Strange Case of Dr. Jekyll and Mr. Hyde
by Robert Louis Stevenson
Analysis: Booker's Seven Basic Plots Analysis
Christopher Booker is a scholar who wrote that every story falls into one of seven basic plot structures: Overcoming the Monster, Rags to Riches, the Quest, Voyage and Return, Comedy, Tragedy, and Rebirth. Shmoop explores which of these structures fits this story like Cinderella’s slipper.
Plot Type : Tragedy
Dr. Jekyll dreams of separating his two natures
Given his own appetite for shame, Dr. Jekyll decides that man has a dual nature – good and evil, and becomes obsessed with separating the two.
Dr. Jekyll successfully turns into Mr. Hyde
During the day, Dr. Jekyll leads a respectable, sober life. At night, however, he gives way to his secret desires and roams the street as Mr. Hyde. He leads the best of both lives. He’s living the dream.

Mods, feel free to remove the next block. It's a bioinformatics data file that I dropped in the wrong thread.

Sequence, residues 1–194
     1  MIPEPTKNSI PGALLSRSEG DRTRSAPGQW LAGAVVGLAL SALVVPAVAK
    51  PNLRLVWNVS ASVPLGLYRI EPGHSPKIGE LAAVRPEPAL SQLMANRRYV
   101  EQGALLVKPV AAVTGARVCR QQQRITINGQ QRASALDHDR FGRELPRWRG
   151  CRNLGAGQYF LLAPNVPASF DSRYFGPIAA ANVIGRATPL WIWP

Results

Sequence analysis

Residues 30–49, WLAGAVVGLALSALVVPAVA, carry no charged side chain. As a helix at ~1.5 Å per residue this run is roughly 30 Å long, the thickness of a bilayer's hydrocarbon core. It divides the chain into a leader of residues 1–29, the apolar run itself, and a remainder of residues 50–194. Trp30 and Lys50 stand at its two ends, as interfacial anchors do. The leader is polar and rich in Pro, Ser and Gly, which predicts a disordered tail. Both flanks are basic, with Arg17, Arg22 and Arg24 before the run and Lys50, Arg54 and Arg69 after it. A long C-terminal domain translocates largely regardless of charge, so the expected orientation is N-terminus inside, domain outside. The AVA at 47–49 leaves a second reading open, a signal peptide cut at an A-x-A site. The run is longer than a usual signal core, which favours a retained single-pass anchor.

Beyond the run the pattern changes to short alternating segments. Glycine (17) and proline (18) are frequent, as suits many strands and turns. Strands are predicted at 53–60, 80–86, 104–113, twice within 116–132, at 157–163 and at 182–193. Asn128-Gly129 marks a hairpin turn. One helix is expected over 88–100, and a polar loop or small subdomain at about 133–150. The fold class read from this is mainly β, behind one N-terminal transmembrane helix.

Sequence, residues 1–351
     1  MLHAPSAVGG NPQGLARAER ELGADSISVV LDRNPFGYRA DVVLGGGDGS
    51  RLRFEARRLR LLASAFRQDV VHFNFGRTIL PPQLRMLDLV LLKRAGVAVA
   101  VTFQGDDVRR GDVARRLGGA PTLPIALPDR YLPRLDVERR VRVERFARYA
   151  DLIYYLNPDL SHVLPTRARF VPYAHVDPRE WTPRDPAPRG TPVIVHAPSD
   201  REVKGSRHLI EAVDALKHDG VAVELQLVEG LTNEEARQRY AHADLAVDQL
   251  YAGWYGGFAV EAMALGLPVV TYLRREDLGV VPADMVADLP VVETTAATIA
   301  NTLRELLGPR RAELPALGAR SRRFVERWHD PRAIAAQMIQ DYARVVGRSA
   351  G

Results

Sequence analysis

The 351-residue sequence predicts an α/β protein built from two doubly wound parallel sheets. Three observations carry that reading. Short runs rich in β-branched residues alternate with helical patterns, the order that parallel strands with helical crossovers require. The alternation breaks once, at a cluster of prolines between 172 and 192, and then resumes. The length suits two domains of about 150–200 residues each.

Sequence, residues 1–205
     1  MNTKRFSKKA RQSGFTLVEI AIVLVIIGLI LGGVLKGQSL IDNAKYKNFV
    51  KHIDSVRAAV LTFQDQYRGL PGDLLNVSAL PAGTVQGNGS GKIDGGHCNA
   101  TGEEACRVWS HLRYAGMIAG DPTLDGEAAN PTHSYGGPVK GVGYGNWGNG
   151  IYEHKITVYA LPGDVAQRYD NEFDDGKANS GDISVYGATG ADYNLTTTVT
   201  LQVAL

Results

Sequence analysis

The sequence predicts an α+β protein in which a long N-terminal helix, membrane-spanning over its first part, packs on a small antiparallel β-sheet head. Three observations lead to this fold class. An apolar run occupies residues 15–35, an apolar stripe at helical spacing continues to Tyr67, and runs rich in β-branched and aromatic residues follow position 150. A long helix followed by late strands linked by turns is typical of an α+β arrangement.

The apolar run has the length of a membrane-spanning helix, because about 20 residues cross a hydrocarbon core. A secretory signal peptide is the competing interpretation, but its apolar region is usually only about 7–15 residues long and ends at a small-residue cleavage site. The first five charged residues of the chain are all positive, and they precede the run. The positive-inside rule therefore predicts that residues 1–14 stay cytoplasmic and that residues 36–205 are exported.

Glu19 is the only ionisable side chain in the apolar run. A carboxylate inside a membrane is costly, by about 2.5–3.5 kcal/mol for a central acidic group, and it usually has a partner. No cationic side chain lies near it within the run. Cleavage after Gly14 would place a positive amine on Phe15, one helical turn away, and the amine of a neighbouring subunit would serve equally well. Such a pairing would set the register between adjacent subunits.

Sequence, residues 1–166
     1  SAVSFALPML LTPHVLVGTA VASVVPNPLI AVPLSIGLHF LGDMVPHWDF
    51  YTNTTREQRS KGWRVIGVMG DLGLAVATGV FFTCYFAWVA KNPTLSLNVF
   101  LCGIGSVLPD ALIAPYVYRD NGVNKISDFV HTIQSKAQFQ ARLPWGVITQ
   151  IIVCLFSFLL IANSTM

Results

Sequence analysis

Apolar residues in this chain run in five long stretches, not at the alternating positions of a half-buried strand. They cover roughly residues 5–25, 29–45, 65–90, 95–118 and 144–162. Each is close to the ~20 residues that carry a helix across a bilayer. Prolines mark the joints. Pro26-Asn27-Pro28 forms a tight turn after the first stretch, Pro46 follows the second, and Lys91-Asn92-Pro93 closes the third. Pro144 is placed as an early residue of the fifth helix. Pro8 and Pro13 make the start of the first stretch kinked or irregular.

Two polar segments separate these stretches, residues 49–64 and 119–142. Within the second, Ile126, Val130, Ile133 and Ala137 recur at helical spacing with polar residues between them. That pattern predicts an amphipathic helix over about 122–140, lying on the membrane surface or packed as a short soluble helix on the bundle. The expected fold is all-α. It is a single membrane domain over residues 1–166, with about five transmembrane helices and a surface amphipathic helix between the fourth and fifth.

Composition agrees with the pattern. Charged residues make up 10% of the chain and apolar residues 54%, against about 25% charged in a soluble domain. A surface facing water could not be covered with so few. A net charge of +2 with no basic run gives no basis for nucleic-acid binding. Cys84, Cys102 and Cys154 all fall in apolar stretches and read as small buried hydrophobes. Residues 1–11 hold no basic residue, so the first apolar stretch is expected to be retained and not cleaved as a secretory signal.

Dr. Jekyll begins unwanted transformations into Mr. Hyde
Dr. Jekyll feels that the balance of his natures is tilting in favor of evil. He then decides to remain permanently as Dr. Jekyll, but the secret desires remain.
Mr. Hyde murders Sir Danvers Carew; his transformations into Mr. Hyde spiral out of control
Mr. Hyde becomes a wanted man throughout the country. Dr. Jekyll resolves to stay respectable, but his transformations into Mr. Hyde increase, even without the aid of his potions.
Dr. Jekyll locks himself in his laboratory, and in a moment of lucidity, writes his tell-all memoir.
Dr. Jekyll finally loses all control over his transformations into Mr. Hyde, and barricades himself in his laboratory. He runs out of his transformative potion, and although he tries to make new batches, cannot duplicate his original potion. He ends his statement by saying that Dr. Jekyll is dead, and that he cannot know what Mr. Hyde will do. This is a textbook ending to the classic tragic plot.